Tag Archives: refugee crisis

Leaving to Remain: the Refugee Tales

I hardly know where to begin or what to say.

This past week I walked, with some days as many as 120 people, 60 miles from Canterbury to London, passing through Faversham, Rochester, Gravesend and Dartford. We were former detainees (refugees and asylum seekers) from various parts of Africa, Afghanistan, Sri Lanka, China and Nepal. We were the supporters and friends of those former detainees. And we were people trying to understand a world of tightening borders, increasing precarity, and hostile environments.

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This was the Refugee Tales. The point was to be pilgrims together. To eat sleep and walk together day after day, sharing stories—stories of imprisonment, torture, slavery and escape—stories of survival, loss, persistence, and love. The stories are vessels, magic bags we put all the pain into and lightly sling on our backs, so we step softly, and the road, no matter how long hard or hot, is travelled in joy—collectively—by a community that knows it contains multitudes, can bear much together.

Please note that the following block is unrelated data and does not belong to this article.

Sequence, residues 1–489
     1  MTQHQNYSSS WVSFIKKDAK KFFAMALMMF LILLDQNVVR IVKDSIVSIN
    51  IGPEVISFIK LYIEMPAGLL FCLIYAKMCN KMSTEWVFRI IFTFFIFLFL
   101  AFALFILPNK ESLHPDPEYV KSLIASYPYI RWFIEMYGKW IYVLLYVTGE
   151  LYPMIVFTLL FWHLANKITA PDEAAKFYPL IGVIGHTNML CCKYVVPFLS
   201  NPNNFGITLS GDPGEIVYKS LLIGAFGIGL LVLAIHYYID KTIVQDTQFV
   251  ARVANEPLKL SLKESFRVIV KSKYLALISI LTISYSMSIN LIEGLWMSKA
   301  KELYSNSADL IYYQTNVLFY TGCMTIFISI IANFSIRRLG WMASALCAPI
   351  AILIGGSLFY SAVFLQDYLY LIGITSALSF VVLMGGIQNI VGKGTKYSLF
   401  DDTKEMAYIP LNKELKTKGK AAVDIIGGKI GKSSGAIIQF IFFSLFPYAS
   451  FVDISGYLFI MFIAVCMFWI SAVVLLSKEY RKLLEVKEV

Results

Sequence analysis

I’m shown a piece of paper—a form the ex-detainee must carry at all times, as he or she awaits an uncertain fate—imprisonment once again, deportation, or—possibly, occasionally—leave to remain. It informs you that this is “a person liable to be detained.” Liable. At any time. It takes its place amongst the history of such markers—brands on skin, yellow badges. It creates a category—the liable to be detained—that in our increasingly militarized states, in which a constant cut is being made between lives that matter and lives that do not—seems potentially limitless. Who, now, is not liable to be detained?